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The Prescott Daily Courier | Prescott, Arizona

home : latest news : local July 09, 2014


1/17/2014 6:00:00 AM
PUSD enrollment decline shows signs of slowing: Cuts still under discussion
Patrick Whitehurst
The Daily Courier

PRESCOTT - While student enrollment continues to decline in the Prescott Unified School District, the decline is slowing.

That slowdown may reduce immediate cuts to the district - at least for the coming year. According to PUSD estimates, 4,664 students were enrolled 40 days into the new school year. Last year, 4,726 were enrolled at the school's 100-day count, which indicates the enrollment decline is slowing, school officials said.

The failed override and bond election, however, will continue to hurt the district, said Prescott Unified School District (PUSD) Superintendent Dave Smucker.

"We don't have any additional capital monies. We're in a tough spot there," Smucker told members of the PUSD Governing Board during their Jan. 14 regular meeting.

School officials, including Smucker, spoke "in-depth" on the district's budget since November's bond and override election failed to gain approval from voters, particularly when it comes to future decisions for district students and employees in the community.

"We've had a lot of conversations with the principals and the directors. I appreciate the work they've done and we have more work to do," Smucker said. "There's been a lot of communication inside our system on how we go about continuing to support our students in their education and how we support our staff through this process."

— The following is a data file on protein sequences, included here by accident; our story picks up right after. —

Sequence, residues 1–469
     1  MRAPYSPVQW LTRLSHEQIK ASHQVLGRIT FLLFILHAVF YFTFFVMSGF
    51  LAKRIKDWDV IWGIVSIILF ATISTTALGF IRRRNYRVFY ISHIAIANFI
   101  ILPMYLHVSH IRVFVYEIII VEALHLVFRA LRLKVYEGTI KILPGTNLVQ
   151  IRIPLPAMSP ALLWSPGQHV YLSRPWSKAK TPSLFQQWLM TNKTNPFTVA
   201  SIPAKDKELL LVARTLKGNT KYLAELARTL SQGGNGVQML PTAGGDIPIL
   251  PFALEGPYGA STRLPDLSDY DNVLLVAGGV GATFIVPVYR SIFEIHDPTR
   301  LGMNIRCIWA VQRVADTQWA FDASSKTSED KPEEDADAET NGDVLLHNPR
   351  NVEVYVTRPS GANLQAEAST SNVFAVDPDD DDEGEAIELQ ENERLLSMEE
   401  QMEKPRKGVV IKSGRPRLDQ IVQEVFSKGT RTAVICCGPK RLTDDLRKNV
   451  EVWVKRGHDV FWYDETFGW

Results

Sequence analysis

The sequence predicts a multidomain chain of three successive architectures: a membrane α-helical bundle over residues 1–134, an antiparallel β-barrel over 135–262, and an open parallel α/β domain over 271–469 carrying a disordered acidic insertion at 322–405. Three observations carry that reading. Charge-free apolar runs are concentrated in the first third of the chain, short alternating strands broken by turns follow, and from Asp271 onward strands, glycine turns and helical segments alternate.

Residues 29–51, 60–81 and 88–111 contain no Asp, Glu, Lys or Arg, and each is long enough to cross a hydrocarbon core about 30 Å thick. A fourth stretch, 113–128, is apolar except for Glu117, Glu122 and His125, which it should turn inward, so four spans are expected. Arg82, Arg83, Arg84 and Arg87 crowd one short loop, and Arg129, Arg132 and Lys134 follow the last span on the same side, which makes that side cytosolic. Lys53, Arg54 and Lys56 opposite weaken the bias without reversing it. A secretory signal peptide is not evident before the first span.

Discussions have taken place, Smucker said, on the possibility of closing a school, shifting to a four-day school week, and other options designed to reduce the budget, though no firm decisions are in place.

"The budget for this year will not include additional money for our staff. However, we cannot lose our focus on supporting staff for the future in what we do, and the decisions we make, next year," Smucker said.

Renee Raskin, the district's chief financial officer, briefed board members with budgetary estimates for the 2014-15 school year, particularly money for students, which already shows signs of improved enrollment compared to last year. Overall enrollment numbers, however, continue to decline from previous years, but that decline has slowed.

Firm enrollment numbers, which dictate state funding levels, are typically counted at the 100-day mark. For the current school year, that 100-day mark lands on Tuesday, Jan. 21, Raskin said.

"We should know, about a week after that, where we stand," she said.

"I think the positive enrollment data has made a difference for us. I don't think we'll have to make drastic change right now, but I think we're going to need to plan and work with our community and do a really great job of developing a relationship with them," Smucker said.

Besides enrollment, one-time monies, used to balance the district's budget for the current school year, created a reduction of a little more than half a million dollars for the district, Raskin said.

One-time monies won't be used to balance the budget next year, Smucker said. "That's the first time that that's happened, where we haven't used one-time monies and come back the next year and said we're starting the year and we're $500,000 down. That's a good thing. We can start from scratch," he said. "We're still not meeting the needs of what this district is going to need to be able move forward and we're going to need to take a look at that."

Plans to reduce or eliminate reliance on one-time monies, Smucker added, came from Governing Board direction in December.